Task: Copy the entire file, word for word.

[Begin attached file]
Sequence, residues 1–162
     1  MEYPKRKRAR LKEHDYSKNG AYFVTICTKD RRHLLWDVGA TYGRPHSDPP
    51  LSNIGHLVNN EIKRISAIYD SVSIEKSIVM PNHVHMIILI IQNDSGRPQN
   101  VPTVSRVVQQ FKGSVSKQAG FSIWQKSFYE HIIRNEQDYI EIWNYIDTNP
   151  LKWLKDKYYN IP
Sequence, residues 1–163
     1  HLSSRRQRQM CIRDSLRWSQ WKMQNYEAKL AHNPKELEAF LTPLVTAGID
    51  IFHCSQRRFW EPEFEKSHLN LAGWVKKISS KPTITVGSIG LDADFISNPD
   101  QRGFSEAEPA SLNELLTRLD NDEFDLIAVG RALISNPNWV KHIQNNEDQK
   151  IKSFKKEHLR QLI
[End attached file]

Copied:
Sequence, residues 1–162
     1  MEYPKRKRAR LKEHDYSKNG AYFVTICTKD RRHLLWDVGA TYGRPHSDPP
    51  LSNIGHLVNN EIKRISAIYD SVSIEKSIVM PNHVHMIILI IQNDSGRPQN
   101  VPTVSRVVQQ FKGSVSKQAG FSIWQKSFYE HIIRNEQDYI EIWNYIDTNP
   151  LKWLKDKYYN IP
Sequence, residues 1–163
     1  HLSSRRQRQM CIRDSLRWSQ WKMQNYEAKL AHNPKELEAF LTPLVTAGID
    51  IFHCSQRRFW EPEFEKSHLN LAGWVKKISS KPTITVGSIG LDADFISNPD
   101  QRGFSEAEPA SLNELLTRLD NDEFDLIAVG RALISNPNWV KHIQNNEDQK
   151  IKSFKKEHLR QLI